While writing our book, Almost Anorexic, my coauthor, clinical psychologist Jennifer J. Thomas, and I stumbled upon the popular blog, Does Every Woman Have an Eating Disorder? Written by clinical psychologist Stacey Rosenfeld, we knew right away that we wanted to quote her blog in our book:
“My contention is that every woman has an eating disorder—not necessarily anorexia or bulimia per se, but a fixation on food/weight/shape that is unhealthy, unwanted, and undying.”
Thanks, Dr. Rosenfeld, for allowing us to share your words in Almost Anorexic. Also, thank you for sharing an excerpt with us from your new book, Does Every Woman Have an Eating Disorder? Your words below are such an important message about self-compassion!
How do you speak to yourself? Do you operate out of self-love or self-abuse? I’d argue that you cannot make a change beginning from a place of self-abuse. The self-loving part of you will always step in and sabotage your plan (as well it should!).
Right now, a big push in psychology (including in the work with eating disorders) is the concept of self-care. How do you comfort, soothe, and show kindness to yourself? Are you compassionate, gentle, and patient, or are you harsh, punitive, and unyielding? What language do you use with yourself? Is it angry, hurtful, and condemning?
So much behavior, particularly related to eating and our bodies, is motivated either by self-care or self-abuse. Eating when you’re hungry? Self-care. Exercising when you’re tired or sick or because you have to get rid of the fat? Self-abuse. Allowing yourself to have a food you crave? Self-care. Eating when you’re stuffed? Self-abuse.
Refusing to eat certain items, to bring certain food items into your home (especially those you crave) or to have just a couple of cookies (because that would mean you wouldn’t stop) communicates, “I don’t trust myself.” Exercising to the point of discomfort, pushing yourself when you’re tired, sick, or just don’t want to communicates, “I deserve to be uncomfortable and to be punished.”
I know that access to certain foods can lead to overeating, but that just raises the need to address why the overeating is happening. Yes, sometimes exercise can be enjoyable or lift your mood when you’re down, but it’s not fun when you’re tired or weak or pushing yourself beyond what your body is willing to give.
Think about what you’re saying to yourself when you make decisions that feel like deprivations or corrections. I don’t deserve what I want. I can’t trust myself. I need to be punished. If you repeat these over and over, your self-esteem doesn’t stand a chance.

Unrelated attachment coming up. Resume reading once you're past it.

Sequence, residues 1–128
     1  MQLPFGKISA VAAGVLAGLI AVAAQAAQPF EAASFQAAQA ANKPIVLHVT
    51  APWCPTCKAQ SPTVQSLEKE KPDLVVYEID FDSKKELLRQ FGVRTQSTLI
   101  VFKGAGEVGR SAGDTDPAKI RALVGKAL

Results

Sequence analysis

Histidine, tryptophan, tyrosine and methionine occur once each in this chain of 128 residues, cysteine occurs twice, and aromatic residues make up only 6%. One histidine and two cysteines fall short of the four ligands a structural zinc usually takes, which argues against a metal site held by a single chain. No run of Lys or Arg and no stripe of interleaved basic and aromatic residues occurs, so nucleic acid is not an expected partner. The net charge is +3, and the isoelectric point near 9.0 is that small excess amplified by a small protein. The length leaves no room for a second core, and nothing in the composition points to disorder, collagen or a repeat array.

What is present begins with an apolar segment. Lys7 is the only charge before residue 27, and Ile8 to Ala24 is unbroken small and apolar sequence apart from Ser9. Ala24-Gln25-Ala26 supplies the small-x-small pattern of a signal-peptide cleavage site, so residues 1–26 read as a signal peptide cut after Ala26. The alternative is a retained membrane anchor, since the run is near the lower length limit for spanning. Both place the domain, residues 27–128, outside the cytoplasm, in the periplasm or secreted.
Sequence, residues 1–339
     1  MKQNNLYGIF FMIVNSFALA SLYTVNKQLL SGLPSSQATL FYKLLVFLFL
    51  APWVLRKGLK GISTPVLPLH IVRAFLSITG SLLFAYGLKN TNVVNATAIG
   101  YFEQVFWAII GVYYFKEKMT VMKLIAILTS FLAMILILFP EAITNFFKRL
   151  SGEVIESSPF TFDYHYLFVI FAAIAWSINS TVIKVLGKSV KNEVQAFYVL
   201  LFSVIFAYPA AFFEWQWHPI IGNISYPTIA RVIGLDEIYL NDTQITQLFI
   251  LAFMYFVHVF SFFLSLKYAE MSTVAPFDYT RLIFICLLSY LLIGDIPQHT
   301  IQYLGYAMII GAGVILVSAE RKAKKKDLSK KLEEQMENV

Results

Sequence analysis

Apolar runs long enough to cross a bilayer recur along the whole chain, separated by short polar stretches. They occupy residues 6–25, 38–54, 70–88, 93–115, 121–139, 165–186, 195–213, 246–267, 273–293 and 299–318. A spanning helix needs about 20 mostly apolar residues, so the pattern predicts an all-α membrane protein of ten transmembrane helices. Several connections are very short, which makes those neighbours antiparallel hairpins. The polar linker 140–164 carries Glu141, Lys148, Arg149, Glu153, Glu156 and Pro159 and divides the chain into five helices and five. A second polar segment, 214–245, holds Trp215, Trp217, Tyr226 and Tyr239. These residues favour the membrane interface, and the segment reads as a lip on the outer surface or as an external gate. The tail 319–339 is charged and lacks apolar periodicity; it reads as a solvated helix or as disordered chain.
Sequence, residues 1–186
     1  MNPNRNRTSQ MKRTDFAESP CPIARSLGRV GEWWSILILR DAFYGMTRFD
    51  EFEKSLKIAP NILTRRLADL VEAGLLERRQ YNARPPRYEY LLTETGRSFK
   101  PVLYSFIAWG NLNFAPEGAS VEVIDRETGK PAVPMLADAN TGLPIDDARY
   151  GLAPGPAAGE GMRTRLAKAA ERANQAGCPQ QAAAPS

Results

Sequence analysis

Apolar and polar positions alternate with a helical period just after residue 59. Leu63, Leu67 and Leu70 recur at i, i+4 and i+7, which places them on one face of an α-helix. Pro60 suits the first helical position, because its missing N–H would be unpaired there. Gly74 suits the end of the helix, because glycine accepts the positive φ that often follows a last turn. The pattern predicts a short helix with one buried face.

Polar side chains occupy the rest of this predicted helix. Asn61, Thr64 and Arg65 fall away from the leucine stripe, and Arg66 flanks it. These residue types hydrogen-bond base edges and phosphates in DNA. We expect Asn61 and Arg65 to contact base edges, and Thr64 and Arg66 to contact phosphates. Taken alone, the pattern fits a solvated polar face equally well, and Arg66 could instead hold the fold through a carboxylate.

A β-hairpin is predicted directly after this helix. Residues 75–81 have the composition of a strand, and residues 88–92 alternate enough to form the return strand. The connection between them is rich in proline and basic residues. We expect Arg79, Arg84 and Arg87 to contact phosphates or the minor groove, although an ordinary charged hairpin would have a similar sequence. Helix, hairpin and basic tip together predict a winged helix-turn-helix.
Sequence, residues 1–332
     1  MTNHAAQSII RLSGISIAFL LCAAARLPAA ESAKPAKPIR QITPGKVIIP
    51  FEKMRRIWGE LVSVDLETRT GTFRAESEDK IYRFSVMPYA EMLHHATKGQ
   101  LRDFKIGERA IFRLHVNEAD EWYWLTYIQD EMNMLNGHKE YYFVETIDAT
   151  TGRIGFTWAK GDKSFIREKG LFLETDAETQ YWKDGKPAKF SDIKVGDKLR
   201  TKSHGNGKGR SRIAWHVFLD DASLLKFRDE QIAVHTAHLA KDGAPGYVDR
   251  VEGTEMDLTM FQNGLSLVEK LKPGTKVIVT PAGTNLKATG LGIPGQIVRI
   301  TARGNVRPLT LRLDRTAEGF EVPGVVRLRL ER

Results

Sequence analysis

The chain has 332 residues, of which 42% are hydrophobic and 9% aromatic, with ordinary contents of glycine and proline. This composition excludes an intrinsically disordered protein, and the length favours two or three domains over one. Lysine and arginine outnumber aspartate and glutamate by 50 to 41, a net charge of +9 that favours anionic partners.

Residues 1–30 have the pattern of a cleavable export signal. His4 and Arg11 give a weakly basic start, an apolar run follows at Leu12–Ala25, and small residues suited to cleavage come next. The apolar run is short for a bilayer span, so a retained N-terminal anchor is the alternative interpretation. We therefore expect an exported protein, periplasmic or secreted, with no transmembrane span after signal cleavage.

Karen Horney, a pioneering psychoanalyst who followed in the footsteps of Freud, spoke of the “Tyranny of the Should,” the self-haunting that occurs when we compare how we are to how we think we should be. The solution, according to psychologists, is to avoid the use of “should”— and to be more compassionate with ourselves. The next time you have one of the following “should” thoughts, try to reframe it in this style:
I should exercise for an hour today. (I might choose to exercise for an hour today if that feels right for my body.)
I shouldn’t eat that doughnut. (I’d like to eat that doughnut, or I get a sugar crash after I eat a doughnut, so I’m going to choose not to have that now.)
I should get the salad. (I prefer to get the salad.)
Beware also the relatives of “should:” “have to,” “need to,” “want to” (with sufficient angst). Why are these words so damaging? They set you up for unrealistic expectations. The truth is, it’s sometimes challenging to exercise consistently, avoiding pleasurable foods can rob you of satisfaction, and it’s difficult to shrink your body below its natural weight. When you get caught up in the “should” (instead of the “could” or the “would like to”), you set yourself up for disappointment and self-reproach, both of which play an integral role in sabotaging your personal goals and unsteadying an already shaky self-regard.
Instead of issuing “should” statements to yourself, I’d like you to take another approach: Can you forgive yourself for being imperfect? For making mistakes each day? For not getting it right? For failing to meet your expectations each and every time? For just getting by when you wanted to excel? For walking when you wanted to run? For eating more than you’d like? For weighing more than you’d like? Even for engaging in unhealthy measures to control how you look?
Those who struggle with eating problems often have significant difficulty with self-forgiveness. But consider the costs of not forgiving, criticizing, punishing, and self-attacking. This stance is likely to create more of the original transgressions. I work with a large percentage of my clients on practicing imperfection. For most of us, this is a life skill that must be learned. Practice and you will get better at it. When you make a mistake, reframe this as an opportunity for you to get more comfortable with imperfection.
If you work on this one practice alone, you’ll be a happier, more content person. In the words of Ralph Waldo Emerson, “Finish each day and be done with it. You have done what you could. Some blunders and absurdities no doubt crept in; forget them as soon as you can. Tomorrow is a new day; begin it well and serenely and with too high a spirit to be encumbered with your old nonsense.”
How do you speak to yourself? How do you want to speak to yourself? What is one kind statement you can make to yourself today?